Storön–Vignettes From The Big Island.

We’re set floating in this light on midsummer day’s eve.  The Baltic’s still, now that its been channeled around one island after another, though the surface slightly bends like a plate of glass heated and slowly turning in and out of itself.  Think of a mirror dulled with age reflecting a dusted blue sky ringed by clouds and their dark underbellies.  All around there’s a smudge of light as though this mirror lies flat on its back in an attic where only thin strips of sun break through to ghost an illuminated world. Trees and shoals remain steadfastly as black as ink.

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Everything becomes a silhouette when dusk, our eyes, what our minds remember of light, a camera, and all that makes up this landscape conspire to remind us we live on an edge of blindness and at any moment may not be able to see a face in front of us.

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A late-evening meal restores our insides.  Bread with butter, boiled white potatoes covered in butter, pickled herring, a hard-boiled egg and crème fraîche with chives. Herring features prominently in the core cuisine of this land.  Magnus Nilsson offers a history of herring in The Nordic Cook Book.

Herring has been, and is still today, one of the most widely consumed fishes in the Nordic region.  It figures in a multitude of different recipes, and historically was important not only as food.  In the eighteenth century, the streetlights of Paris and many other European cities were fueled by train oil, boiled from herring along the Scandinavian Atlantic coast and many European hands were washed in soap made from the same substance.  (191)

A Proustian image lurks in Nilsson’s words, lets see if I can set the scene . . . Swann dresses for dinner and as his habit, after he’s put his coat on, washes his hands, turning a small piece of herring soap over and over with an air of enterprise, cunning and success.  Out on the street, he steps from darkness to light under a series of hanging bulbs that pour down an uneven herring light on his face.  He’s given his favorite table by the front window at La Pérouse. He orders Harengs à la Calaisienne, several herrings stuffed with their own roe, shallot, mushrooms, parsley and plenty of butter, then wrapped tightly and baked.  He closes his eyes and remembers a small island in the Baltic where he spent a summer gathering wild strawberries and eating pickled herring.  Fade to black.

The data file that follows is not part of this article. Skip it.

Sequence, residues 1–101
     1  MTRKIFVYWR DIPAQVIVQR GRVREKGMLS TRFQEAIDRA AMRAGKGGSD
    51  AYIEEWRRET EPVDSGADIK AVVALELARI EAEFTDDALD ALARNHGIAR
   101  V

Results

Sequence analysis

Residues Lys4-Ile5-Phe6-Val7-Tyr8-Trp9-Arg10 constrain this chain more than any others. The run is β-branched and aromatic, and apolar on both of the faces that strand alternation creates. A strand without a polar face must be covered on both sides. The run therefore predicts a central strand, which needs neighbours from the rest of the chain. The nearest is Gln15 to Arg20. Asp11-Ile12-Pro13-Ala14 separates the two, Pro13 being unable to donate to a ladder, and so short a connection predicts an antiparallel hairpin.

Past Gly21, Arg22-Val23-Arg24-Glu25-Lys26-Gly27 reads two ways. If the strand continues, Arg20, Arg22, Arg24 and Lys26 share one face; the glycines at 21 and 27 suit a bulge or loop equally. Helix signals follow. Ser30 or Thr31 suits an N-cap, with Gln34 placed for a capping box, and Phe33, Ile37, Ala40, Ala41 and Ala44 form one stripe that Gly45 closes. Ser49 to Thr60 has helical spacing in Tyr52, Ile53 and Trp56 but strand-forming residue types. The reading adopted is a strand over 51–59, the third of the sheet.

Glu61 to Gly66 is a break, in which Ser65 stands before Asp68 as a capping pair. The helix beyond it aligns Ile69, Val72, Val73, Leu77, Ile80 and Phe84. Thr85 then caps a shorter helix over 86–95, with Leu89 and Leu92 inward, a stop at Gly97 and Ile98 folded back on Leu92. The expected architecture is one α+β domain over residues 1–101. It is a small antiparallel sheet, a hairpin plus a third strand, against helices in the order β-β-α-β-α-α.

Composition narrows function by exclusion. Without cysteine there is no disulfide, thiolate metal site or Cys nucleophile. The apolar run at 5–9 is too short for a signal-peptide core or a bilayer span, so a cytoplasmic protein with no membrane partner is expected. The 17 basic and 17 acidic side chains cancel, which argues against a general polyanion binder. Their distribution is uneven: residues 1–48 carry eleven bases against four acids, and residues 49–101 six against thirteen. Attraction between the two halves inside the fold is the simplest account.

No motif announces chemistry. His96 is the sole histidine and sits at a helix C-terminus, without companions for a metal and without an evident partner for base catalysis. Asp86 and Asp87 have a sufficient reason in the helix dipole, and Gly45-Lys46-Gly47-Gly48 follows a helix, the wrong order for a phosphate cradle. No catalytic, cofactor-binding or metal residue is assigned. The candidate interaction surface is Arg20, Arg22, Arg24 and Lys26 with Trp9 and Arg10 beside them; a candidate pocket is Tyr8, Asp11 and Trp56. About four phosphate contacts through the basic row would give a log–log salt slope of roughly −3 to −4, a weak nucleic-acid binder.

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Nilsson offers many herring recipes culled from the kitchens of Greenland, Iceland, Norway, Sweden, Finland and Denmark.  Here’s the recipe for Pickled Fresh Baltic Herring, Base Recipe.

Mix 400ml/14 fl oz (1 2/3 cups) cold water with the vinegar, sugar and salt in a bowl and stir until the salt and sugar have both dissolved.  Drop in the fish fillets and leave in the fridge for about 6 hours.  Every 2 hours, go there and carefully stir around a bit so that the fish cures evenly.  The fish is ready when it has firmed up and looks like it has been cooked almost all the way through when broken.

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Out here when night falls only an occasional bird cry and the lapping of water keeps us company.  A silence worthy of August Strindberg’s thoughts in his play Ghost Sonata.  The dead walk the streets, a woman sits in a cupboard because she can’t stand the light, what we see on the stage characters do not see, and then there is the ghost supper.

The usual ghost supper, as we call it. They drink tea, without uttering a word. Or the Colonel does all the talking. And they gnaw their biscuits, in unison, like a chorus of rats in the attic.
Why do you call it the ghost supper?
They all look like ghosts. And they’ve kept this up for twenty years, always the same people saying the same things or saying nothing at all for fear of being found out.

A house of guilt, secrets and silence.

I prefer silence – then you can hear thoughts, see the past. In silence, you cannot hide anything – which is more than one can say for words.

These words don’t occur to me with heaviness, rather with a weight not too difficult to carry, one that seems suited to this place.  Here with my thoughts and for hours a half-light that almost looks ready to plunge into darkness, but then pulls back up like a window blind into day, hours of midsummer dispel history and this could be any year in any century.  Strindberg stayed in the archipelago on the nearby island of Runmarö from May to December 1889.  Without moving, he would have traveled a long day’s journey into day and night, the early flush of spring to the burying of things in winter.  Runmarö curls around the top of Storön  and in the above photos is the land in shadow across the water.  Tomorrow we’ll explore the island, but for now we’ll go to bed and dream of maypoles, moss, fallen pines, green wood, and Freyja and Freyr walking the waters of the Stockholm Archipelago.

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